Reptiles and Amphibians Take Center Stage at Fort Worth Zoo

Burmese pythons, Komodo dragons and giant salamanders among 260 featured species

By: By Skye Mayring

The Fort Worth Zoo in Fort Worth, Texas, has debuted the Museum of Living Art (MOLA), a $19 million, 30,000-square-foot indoor/outdoor herpetological facility. The brand-new facility houses more than 260 amphibian and reptile species and approximatelyt 4,000 animals in total.

The MOLA features spacious, humidity-controlled exhibits and state-of-the-art conservation tools, such as quarantine rooms and hibernaculums that facilitate the breeding of rare, endangered and critically endangered animals. In response to the recent global amphibian crisis, the Fort Worth Zoo has prioritized the housing, research and breeding of amphibians.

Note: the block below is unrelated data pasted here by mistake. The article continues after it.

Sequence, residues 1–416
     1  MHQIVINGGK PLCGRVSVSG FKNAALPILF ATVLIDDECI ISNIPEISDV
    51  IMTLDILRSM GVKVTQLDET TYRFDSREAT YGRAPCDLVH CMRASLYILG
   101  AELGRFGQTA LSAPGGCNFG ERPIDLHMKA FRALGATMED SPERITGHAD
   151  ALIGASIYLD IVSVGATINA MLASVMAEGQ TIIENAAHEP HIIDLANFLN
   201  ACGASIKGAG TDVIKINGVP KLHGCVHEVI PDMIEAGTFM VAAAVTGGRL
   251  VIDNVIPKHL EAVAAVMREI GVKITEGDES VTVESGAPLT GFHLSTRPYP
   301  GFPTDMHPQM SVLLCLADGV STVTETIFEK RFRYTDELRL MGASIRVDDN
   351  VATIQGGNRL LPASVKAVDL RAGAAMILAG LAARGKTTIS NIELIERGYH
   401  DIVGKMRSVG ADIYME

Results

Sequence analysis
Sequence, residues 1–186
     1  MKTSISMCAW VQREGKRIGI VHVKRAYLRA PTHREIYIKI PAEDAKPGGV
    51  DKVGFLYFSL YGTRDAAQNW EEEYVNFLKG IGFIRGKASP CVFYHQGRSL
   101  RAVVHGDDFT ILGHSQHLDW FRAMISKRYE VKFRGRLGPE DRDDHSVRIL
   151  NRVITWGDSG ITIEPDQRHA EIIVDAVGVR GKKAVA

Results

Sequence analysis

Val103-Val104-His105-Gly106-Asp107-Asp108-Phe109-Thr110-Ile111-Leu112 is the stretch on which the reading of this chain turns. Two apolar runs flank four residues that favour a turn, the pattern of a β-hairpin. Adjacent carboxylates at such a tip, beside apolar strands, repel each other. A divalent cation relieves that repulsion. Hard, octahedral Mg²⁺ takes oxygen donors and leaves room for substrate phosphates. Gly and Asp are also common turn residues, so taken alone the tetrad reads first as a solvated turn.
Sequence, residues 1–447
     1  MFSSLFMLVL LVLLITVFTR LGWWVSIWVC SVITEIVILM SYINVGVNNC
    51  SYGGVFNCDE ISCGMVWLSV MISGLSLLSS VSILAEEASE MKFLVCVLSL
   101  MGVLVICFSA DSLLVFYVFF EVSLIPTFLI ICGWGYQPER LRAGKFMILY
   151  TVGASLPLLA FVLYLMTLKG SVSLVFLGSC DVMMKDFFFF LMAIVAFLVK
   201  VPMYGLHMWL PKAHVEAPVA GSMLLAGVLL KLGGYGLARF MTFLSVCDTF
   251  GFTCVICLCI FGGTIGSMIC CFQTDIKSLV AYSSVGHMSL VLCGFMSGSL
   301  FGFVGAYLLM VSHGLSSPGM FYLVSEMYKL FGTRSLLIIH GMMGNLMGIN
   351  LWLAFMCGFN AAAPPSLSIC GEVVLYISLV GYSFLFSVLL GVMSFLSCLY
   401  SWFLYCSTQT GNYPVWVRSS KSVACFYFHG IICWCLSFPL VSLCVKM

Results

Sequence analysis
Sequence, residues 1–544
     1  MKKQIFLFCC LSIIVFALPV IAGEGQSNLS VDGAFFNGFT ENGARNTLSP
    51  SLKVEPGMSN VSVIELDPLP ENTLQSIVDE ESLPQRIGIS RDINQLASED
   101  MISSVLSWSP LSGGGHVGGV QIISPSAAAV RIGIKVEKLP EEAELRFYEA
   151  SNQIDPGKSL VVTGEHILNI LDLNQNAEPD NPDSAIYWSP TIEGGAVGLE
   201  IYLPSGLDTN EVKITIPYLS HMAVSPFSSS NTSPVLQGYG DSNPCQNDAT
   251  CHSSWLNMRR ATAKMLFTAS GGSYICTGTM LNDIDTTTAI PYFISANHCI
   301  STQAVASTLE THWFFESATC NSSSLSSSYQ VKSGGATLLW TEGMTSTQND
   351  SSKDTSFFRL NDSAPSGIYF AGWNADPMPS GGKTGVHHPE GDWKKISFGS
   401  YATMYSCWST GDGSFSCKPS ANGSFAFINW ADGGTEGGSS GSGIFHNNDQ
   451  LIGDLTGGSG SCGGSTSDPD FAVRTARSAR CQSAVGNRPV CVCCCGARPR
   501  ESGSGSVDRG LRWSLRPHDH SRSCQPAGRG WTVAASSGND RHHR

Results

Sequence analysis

At the MOLA’s Komodo Kingdom exhibit, visitors can watch Indonesian Komodo dragons bask in the sun and, at the Discovery Hub, guests come face-to-face with the largest aquatic amphibian on Earth (a salamander), which can weigh up to 100 pounds. Those entering the Discovery Hub can also learn more about sustainable and efficient energy practices. A nursery filled with hatchlings and tadpoles helps emphasize the importance of conservation.

Burmese pythons, Fly River turtles, a king cobra, Utila Island iguanas (a rare sight, as the Fort Worth Zoo is one of only two zoos in the nation to house them), green-tree pythons and yellow-spotted climbing toads can also be spotted in the MOLA’s 15 themed exhibits.

Entrance fees are $12 for adults and $9 for children.

Fort Worth Zoo


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